Republican polling leader Donald Trump approvingly quoted autocrats Vladimir Putin of Russia and Viktor Orban of Hungary, part of an ongoing effort to deflect from his criminal prosecutions and spin alarms about eroding democracy against President Biden.
His speech at a presidential campaign rally here on Saturday also reprised dehumanizing language targeting immigrants that historians have likened to past authoritarians, including a reference that some civil rights advocates and experts in extremism have compared to Adolf Hitler’s fixation on blood purity.
And he used the term “hostages” to describe people charged with violent crimes in the Jan. 6, 2021, attack at the U.S. Capitol.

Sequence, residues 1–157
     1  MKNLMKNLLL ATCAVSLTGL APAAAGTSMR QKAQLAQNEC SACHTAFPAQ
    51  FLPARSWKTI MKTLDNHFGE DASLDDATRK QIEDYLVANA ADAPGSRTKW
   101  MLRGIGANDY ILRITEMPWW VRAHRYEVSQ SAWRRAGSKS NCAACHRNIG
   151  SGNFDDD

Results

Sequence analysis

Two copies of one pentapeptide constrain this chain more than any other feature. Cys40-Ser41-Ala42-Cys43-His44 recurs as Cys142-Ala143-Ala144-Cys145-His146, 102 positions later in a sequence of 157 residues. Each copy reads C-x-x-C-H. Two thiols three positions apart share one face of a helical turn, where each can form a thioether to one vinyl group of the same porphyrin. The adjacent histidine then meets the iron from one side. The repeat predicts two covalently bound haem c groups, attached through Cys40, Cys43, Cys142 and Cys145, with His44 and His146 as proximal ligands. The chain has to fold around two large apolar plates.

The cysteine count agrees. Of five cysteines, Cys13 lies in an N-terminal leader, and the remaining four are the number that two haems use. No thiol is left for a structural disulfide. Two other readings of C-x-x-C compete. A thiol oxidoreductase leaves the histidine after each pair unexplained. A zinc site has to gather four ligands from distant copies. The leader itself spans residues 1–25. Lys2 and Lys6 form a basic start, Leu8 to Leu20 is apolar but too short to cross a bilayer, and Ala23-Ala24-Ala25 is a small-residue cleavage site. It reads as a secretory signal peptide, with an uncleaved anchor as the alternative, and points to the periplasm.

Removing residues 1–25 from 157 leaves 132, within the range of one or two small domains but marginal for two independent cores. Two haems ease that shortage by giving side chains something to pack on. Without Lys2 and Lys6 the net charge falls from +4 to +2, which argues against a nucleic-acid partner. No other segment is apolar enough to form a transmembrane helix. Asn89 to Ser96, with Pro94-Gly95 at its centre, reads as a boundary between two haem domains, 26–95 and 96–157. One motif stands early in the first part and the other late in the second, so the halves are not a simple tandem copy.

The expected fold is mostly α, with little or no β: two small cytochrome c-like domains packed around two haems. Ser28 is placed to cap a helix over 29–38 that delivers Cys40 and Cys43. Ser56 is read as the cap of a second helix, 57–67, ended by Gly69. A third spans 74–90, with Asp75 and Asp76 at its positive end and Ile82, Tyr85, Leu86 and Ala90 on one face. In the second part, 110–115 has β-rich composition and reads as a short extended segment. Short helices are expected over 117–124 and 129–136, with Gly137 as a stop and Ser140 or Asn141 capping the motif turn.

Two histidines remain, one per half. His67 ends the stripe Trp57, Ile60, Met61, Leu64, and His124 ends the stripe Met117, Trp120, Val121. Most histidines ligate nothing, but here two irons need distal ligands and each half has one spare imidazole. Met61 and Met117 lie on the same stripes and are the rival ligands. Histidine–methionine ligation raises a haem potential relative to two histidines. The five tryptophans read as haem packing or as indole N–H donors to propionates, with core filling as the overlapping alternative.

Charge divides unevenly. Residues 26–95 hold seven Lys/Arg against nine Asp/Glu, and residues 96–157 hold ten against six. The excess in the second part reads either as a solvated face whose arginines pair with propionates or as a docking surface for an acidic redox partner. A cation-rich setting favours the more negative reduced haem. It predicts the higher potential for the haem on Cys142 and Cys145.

The comments came as experts, historians and political opponents have voiced growing alarm about Trump’s rhetoric, ideas and emerging plans for a second term, pointing to parallels to past and present authoritarian leaders.
“Donald Trump sees American democracy as a sham and he wants to convince his followers to see it that way too,” said Jennifer Mercieca, a professor at Texas A&M University who researches democracy and rhetoric. “Putin hates western values like democracy and the rule of law, so does Trump.” [Continue reading…]